Keynote topics included The Future of Surgery and the NHS Long Term Plan with Richard Kerr (RCS Commission on the Future of Surgery, UK), Lorna Marson (University of Edinburgh, UK) and Adrian Sugar (Centre for Applied Reconstructive Technologies in Surgery, UK), as well as an international perspective on today’s patient care dynamic from Amy Alexander (Mayo Clinic; MN, USA). Discussions steered towards the future use of innovative technologies in surgical training and practice set the scene, as subsequent sessions highlighted key milestones in patient and innovator journeys.
“It was fascinating to hear about the RCS Commission on the Future of Surgery and how the uptake of exciting key technologies such as 3D printing, artificial intelligence and virtual reality could impact how the NHS delivers healthcare going forward. These remarkable advancements are pushing the boundaries of what is possible in surgery, making it a truly exciting time for the healthcare profession and a promising time for the patient.” – Adam Price-Evans, Managing Commissioning Editor, Future Science Group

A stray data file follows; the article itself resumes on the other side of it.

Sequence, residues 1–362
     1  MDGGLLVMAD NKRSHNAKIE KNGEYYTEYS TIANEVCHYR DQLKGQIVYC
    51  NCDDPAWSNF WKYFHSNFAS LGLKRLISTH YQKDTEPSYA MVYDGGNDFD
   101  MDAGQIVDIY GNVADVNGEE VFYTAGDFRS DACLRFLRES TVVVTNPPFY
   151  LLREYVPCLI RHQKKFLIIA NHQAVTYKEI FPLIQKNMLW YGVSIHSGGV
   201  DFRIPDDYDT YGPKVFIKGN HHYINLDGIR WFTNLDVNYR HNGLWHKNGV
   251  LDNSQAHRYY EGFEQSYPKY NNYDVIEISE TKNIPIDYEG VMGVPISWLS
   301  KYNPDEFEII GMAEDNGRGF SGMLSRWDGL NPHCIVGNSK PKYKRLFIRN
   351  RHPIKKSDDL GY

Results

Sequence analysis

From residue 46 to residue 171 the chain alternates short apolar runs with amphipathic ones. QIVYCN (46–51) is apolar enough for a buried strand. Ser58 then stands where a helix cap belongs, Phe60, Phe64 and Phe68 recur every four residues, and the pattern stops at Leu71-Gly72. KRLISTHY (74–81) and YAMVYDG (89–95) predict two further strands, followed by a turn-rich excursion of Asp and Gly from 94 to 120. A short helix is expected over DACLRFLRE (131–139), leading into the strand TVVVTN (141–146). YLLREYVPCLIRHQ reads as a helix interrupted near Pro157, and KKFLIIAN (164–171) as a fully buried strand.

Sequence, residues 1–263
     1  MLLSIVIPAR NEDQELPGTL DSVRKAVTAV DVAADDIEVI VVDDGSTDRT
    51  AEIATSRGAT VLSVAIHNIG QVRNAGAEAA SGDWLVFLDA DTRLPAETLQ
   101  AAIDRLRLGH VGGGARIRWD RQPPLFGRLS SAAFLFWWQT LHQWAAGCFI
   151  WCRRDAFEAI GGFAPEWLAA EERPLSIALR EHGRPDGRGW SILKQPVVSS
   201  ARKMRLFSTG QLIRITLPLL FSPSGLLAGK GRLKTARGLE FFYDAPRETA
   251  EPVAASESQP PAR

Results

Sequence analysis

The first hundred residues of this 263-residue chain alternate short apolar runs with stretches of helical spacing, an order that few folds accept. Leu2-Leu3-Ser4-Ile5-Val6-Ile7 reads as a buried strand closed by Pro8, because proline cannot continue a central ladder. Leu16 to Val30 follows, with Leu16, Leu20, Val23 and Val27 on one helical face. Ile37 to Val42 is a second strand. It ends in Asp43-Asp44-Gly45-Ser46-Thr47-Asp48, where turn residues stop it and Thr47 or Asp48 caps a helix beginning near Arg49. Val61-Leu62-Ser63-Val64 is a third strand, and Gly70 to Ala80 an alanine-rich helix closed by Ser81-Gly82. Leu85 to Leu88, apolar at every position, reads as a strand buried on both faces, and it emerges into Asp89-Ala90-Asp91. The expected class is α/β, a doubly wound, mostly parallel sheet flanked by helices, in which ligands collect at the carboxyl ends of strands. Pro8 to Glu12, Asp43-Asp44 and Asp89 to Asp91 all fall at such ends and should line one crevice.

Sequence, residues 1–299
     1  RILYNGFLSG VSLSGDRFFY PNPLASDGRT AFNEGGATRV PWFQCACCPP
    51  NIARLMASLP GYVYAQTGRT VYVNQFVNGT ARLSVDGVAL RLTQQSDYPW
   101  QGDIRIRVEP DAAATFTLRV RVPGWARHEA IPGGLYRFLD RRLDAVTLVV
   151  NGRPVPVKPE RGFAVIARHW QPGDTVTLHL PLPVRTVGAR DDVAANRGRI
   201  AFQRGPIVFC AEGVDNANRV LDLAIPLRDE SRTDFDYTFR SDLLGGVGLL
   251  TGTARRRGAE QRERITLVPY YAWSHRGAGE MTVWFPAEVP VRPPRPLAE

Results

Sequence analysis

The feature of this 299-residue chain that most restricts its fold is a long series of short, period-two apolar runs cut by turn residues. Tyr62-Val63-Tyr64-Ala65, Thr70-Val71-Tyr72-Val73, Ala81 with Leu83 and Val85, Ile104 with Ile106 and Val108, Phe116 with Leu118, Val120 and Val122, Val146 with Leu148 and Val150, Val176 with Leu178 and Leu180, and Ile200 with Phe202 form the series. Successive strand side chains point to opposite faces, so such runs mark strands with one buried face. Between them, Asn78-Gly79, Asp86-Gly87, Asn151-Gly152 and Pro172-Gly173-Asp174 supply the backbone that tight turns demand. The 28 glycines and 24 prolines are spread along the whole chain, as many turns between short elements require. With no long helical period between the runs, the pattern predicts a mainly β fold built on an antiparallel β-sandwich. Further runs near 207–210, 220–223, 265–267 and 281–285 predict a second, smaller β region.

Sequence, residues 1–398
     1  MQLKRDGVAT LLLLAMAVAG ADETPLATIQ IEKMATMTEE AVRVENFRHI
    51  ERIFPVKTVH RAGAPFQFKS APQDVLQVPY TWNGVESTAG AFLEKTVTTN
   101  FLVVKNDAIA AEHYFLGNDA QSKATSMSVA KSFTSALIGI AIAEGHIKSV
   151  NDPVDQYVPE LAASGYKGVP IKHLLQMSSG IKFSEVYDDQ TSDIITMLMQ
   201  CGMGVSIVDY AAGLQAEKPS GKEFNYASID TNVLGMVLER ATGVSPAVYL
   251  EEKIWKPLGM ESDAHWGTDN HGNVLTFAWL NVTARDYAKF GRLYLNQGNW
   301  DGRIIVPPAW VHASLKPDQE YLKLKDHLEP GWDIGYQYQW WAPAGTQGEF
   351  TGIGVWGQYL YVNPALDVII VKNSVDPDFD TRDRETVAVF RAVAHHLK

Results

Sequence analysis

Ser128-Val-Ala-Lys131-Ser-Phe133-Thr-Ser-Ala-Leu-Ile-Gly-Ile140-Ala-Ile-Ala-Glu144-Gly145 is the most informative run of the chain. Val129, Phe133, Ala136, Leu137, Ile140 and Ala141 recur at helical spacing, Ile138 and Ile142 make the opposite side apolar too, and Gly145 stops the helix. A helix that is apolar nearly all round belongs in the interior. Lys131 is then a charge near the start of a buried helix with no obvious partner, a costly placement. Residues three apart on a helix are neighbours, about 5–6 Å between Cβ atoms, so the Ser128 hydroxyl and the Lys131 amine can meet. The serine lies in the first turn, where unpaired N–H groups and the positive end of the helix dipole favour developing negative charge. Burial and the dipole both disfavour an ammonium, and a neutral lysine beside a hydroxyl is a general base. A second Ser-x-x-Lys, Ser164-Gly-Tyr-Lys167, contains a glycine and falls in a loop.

Attendees participating in the clinical stream benefited from presentations led by some of the UK and Europe’s top surgeons. David Dunaway (Great Ormond Street Hospital, UK), Pankaj Chandak (Guy’s and St Thomas’ Hospitals, UK) and Tim Brown (Belfast City Hospital, UK) presented complex surgical challenges, discussing the applications of different 3D-printed solutions. From craniopagus twin separation to paediatric transplant procedures, the clinical stream demonstrated the versatility of surgical applications of 3D printing and the real-world benefits of surgeons’ innovative approaches to surgical challenges.